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Ritz Cinema, Nuneaton

Description: Ritz Cinema

Grade: II
Date Listed: 4 September 2008
English Heritage Building ID: 505449

OS Grid Reference: SP3595691999
OS Grid Coordinates: 435956, 291999
Latitude/Longitude: 52.5247, -1.4715

Location: Roanne Ringway, Nuneaton, Warwickshire CV11 5DH

Locality: Nuneaton
Local Authority: Nuneaton and Bedworth Borough Council
County: Warwickshire
Country: England
Postcode: CV11 5DH

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Listing Text


1727/0/10038 ABBEY STREET
04-SEP-08 Ritz Cinema

A cinema, latterly used as a bingo hall, dating from 1937, designed in a Moderne style by architects Verity and Beverley for the Union Cinema Circuit.

MATERIALS: The building is constructed from pinkish-red brick with concrete dressings. The windows are metal-framed, Crittall-type examples. The interior is a confection of plaster and metalwork.

PLAN: The building is a simple rectangle on plan, with a curved corner to the junction of the Roanne Ringway and Abbey Street, housing the entrance to the building. The interior has a large foyer and grand staircases, leading to a single, undivided auditorium, with a balcony to the rear, and a stage with proscenium arch remaining in situ.

EXTERIOR: The exterior is a stylish and streamlined Moderne composition, on a corner plot, with a central curved section set on the corner breaking upwards above the height of the flanking ranges. The building has a high ground floor and three further storeys, topped by a brick parapet. The building has a strong horizontal emphasis, with the floor articulated by concrete floor rafts which form plat bands running around the entire structure. The curved corner section has three openings at ground floor level, each housing double doors, above which runs a cantilevered, quadrangular canopy. There are single windows on each of two levels, flanking the applied sign reading GALA BINGO CLUBS which takes the place of the earlier cinema branding. Brick pilasters define the break between the curved corner section and the return ranges. The wall surface of the northern elevation, which is of eight bays, is further articulated by similar, regularly spaced brick pilasters, running from ground level to the parapet. The Abbey Street return is shorter, and has metal-framed windows similar to those in the corner section, together with a small projecting balcony with decorative railings at second floor level.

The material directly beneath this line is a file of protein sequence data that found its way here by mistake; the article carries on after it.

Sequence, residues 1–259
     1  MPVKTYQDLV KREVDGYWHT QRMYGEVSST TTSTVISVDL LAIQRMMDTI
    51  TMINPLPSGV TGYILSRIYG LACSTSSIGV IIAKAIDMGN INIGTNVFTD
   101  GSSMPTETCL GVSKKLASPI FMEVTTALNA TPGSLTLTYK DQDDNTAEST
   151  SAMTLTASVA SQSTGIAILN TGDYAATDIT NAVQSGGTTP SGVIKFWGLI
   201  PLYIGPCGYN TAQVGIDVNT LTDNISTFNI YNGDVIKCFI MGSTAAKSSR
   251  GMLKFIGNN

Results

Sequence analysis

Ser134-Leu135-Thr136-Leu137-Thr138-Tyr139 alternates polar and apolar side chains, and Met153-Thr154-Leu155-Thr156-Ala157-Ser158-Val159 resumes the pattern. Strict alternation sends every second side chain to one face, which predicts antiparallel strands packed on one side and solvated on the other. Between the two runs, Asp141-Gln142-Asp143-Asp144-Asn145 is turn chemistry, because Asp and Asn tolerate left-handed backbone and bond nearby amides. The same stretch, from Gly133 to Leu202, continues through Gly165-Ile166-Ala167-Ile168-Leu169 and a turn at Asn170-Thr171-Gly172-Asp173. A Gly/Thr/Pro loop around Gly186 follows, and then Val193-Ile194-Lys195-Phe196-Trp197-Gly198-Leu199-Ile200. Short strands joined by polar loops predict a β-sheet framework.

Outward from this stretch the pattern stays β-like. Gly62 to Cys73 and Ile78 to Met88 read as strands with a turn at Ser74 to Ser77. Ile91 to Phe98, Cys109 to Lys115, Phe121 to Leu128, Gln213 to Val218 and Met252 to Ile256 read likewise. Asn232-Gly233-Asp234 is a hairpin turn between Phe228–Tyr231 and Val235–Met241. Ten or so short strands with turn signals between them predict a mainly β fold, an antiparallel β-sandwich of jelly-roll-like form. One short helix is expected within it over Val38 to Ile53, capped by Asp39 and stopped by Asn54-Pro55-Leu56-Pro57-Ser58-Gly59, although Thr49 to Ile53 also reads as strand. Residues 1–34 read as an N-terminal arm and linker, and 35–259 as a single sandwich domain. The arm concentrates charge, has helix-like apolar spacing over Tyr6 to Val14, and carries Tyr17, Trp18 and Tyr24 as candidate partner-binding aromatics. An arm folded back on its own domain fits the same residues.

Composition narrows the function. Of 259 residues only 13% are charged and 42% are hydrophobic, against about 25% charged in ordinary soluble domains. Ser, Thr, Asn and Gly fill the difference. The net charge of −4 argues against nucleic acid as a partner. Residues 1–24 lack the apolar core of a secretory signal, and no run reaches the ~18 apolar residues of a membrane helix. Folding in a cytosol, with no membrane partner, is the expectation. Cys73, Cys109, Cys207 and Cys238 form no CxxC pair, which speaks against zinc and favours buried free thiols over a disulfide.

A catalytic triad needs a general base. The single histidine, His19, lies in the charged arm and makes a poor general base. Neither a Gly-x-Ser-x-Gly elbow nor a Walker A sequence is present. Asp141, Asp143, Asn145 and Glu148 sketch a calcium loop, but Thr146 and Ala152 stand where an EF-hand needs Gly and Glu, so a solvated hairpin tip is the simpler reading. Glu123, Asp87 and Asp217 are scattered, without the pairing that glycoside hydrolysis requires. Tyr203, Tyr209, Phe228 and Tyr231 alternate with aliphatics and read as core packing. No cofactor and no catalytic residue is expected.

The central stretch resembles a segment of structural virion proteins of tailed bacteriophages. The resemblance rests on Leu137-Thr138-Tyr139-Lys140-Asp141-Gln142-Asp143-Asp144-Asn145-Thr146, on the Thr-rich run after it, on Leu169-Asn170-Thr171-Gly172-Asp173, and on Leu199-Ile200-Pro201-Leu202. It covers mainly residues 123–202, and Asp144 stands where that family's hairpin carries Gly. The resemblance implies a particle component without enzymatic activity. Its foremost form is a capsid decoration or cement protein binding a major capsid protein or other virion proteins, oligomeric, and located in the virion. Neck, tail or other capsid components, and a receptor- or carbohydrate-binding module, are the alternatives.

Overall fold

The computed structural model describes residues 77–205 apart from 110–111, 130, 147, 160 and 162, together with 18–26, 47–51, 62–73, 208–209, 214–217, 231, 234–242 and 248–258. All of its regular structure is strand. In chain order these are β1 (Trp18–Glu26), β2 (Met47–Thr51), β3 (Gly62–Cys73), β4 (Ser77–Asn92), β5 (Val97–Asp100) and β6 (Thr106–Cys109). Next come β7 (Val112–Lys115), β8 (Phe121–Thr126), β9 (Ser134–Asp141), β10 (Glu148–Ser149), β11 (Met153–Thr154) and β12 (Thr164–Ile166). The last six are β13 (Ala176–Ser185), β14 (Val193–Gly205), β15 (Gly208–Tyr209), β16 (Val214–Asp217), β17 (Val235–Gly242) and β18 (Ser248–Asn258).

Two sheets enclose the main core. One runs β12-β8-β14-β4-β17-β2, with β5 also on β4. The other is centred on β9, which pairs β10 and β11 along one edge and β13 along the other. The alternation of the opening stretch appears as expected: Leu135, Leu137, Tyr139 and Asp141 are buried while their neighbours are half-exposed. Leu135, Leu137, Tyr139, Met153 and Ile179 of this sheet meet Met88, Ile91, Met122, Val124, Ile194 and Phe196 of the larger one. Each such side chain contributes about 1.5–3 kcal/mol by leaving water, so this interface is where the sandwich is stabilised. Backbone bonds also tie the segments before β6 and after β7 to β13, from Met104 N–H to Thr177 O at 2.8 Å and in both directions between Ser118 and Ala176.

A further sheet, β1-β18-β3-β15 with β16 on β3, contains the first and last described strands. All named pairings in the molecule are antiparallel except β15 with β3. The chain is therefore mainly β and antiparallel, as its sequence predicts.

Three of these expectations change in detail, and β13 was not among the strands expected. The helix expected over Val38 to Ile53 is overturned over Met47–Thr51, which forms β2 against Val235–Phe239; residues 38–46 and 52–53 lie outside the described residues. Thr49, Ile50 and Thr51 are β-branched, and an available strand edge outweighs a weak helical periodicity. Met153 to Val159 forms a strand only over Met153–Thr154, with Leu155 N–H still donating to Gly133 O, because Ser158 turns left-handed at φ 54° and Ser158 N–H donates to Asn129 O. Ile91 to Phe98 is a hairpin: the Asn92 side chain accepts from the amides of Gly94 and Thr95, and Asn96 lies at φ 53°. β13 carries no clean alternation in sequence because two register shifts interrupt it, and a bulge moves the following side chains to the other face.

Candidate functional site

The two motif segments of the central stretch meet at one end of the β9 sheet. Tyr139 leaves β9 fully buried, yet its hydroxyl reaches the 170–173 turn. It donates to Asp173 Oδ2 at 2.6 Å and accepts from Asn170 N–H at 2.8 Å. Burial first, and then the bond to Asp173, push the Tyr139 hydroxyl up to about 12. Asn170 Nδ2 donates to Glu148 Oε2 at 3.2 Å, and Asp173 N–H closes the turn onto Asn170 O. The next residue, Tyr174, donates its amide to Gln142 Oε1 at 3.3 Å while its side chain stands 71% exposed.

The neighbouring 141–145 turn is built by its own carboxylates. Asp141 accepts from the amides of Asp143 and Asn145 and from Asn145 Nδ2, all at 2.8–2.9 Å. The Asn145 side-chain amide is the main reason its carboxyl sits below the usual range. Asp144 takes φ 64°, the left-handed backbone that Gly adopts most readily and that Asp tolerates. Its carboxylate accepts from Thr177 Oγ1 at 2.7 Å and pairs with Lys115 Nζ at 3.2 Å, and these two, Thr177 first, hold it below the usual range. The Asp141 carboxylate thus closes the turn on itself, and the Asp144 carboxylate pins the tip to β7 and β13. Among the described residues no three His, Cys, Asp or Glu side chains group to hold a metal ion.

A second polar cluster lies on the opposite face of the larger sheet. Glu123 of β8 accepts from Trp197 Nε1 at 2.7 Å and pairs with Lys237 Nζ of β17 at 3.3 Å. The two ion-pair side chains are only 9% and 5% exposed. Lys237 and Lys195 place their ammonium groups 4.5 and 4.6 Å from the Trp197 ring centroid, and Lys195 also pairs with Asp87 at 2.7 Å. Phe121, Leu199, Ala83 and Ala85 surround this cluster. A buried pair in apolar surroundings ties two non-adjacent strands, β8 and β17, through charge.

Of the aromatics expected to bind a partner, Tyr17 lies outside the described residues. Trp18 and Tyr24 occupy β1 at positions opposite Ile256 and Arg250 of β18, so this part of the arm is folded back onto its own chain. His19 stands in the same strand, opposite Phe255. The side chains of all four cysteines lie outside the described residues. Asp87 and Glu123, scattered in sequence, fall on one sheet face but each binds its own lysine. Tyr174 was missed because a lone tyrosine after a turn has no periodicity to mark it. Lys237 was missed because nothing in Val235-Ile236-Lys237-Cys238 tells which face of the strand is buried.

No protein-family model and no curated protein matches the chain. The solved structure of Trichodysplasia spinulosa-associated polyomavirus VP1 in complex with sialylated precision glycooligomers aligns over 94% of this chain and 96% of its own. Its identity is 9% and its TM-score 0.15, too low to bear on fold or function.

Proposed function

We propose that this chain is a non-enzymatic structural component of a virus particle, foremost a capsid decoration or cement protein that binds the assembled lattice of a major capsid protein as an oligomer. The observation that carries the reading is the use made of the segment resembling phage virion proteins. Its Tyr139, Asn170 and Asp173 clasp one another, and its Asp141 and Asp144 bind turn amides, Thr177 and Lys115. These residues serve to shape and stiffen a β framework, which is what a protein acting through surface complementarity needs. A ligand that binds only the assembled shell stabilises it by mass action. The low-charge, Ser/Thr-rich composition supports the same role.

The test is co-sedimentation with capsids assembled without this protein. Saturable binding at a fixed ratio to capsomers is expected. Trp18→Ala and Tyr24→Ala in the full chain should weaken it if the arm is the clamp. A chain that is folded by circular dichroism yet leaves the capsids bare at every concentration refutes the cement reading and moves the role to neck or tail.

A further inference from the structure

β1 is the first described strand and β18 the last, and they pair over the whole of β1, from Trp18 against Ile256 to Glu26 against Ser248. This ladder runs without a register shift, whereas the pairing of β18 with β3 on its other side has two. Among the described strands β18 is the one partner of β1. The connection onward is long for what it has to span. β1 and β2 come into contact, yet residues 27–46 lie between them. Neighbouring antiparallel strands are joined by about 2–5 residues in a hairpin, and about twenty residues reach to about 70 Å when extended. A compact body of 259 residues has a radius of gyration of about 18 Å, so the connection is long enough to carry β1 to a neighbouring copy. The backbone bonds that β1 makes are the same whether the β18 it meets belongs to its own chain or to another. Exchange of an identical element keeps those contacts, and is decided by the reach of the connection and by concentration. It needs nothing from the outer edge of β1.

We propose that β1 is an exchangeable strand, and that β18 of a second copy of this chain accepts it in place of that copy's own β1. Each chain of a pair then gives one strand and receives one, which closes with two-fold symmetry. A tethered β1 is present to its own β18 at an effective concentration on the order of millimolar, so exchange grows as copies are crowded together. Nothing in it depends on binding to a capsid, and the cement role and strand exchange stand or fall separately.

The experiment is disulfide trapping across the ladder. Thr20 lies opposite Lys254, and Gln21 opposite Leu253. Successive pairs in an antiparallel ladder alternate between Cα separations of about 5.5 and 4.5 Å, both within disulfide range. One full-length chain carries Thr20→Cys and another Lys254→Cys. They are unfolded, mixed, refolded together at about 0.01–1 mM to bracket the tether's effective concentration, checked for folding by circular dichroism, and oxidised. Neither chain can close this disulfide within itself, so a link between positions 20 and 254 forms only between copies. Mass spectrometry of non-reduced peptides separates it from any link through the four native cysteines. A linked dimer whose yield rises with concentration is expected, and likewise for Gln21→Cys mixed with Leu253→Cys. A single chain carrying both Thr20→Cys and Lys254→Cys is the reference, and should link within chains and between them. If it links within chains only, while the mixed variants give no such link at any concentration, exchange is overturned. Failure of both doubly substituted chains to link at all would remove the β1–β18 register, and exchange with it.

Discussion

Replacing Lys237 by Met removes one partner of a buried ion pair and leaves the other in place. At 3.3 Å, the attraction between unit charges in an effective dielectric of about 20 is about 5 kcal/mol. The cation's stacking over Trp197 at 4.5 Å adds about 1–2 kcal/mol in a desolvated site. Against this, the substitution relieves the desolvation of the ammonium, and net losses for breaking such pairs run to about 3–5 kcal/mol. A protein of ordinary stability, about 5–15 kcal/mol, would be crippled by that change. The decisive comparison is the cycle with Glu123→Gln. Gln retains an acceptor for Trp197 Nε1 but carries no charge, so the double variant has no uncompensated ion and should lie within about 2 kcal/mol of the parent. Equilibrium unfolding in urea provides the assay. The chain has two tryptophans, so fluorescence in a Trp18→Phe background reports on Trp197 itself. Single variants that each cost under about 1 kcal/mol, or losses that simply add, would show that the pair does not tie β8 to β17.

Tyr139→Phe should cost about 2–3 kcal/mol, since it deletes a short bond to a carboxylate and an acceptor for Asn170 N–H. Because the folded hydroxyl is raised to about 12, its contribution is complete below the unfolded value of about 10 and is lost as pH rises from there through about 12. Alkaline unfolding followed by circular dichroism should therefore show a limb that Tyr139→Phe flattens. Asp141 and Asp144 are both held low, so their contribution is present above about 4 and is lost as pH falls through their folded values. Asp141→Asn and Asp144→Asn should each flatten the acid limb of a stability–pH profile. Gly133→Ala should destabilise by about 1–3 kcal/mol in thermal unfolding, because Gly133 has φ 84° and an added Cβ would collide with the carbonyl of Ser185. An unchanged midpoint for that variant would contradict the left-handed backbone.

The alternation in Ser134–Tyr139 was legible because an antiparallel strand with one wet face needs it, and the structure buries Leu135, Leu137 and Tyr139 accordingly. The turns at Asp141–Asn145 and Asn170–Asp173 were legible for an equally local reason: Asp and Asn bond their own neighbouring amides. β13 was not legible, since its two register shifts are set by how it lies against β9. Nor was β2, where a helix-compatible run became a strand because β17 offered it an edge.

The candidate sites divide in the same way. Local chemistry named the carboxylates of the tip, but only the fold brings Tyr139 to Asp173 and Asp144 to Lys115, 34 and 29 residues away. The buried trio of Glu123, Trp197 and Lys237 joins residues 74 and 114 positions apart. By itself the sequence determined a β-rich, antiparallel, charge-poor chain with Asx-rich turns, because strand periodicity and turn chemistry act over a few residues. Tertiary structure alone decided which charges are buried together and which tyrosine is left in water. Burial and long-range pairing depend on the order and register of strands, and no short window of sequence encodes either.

INTERIOR: The interior has an impressive, highly-coloured decorative scheme incorporating Art Deco, Neo-Egyptian and Chinoiserie inspired motifs, with repeated fretwork panels based on lotus leaf motifs. The foyer has a deeply coffered ceiling with recessed, polygonal panels, square columns with foliate capitals and a good deal of gilding; the original, heavy, multi-panelled doors remain in situ. The wide staircases have elegant iron balustrades with curved and geometric motifs. The auditorium, which has a balcony to the rear, has a deeply coffered ceiling, original ceiling lights and a highly decorative overall scheme with fluted columns, moulded, curving cornices and extensive moulded and fluted elements to the proscenium and ante-proscenium, as well as large, gilt fretwork panels with lotus leaf motifs, and a wealth of painted decoration. The former stage area is now fitted out to accommodate the functions of the bingo hall which latterly occupied the building.

HISTORY: The architects Verity and Beverley, renowned as creators of cinemas and theatres of the period, designed the cinema in Abbey Street for the Union Cinema Circuit, and the building was opened on 23 July 1937. By October of that year, Union Cinemas had became financially overstretched (soon afterwards going bankrupt), and the circuit's cinemas had been taken over by Associated British Cinemas (ABC). The cinema became a Ritz by the 1960s, and continued in use until its closure on 18 June 1984. The building was then taken over by Gala Bingo, and reopened as a bingo hall, with its impressive interior fully restored. The bingo hall closed in January 2008.

The former Ritz Cinema on Abbey Street in Nuneaton is designated at Grade II, for the following principal reasons:
* The cinema is an elegant and streamlined Moderne design of some quality, by renowned cinema architects, Verity and Beverley
* It was created for the Union Cinema chain, recognised for its lavish investment in high quality cinema buildings, in particular their highly-decorative interiors, very few of which now survive
* The building is in all essential respects entirely as constructed, without major alterations, and unusually, the auditorium remains intact, without later subdivisions
* The extensive and high-quality interior scheme remains almost entirely intact, with impressive Art Deco, Neo-Egyptian and Chinoiserie-inspired decoration carried through the foyer, staircases, auditorium, stage, ante-proscenium and proscenium

This text is a legacy record and has not been updated since the building was originally listed. Details of the building may have changed in the intervening time. You should not rely on this listing as an accurate description of the building.

Source: English Heritage

Listed building text is © Crown Copyright. Reproduced under licence.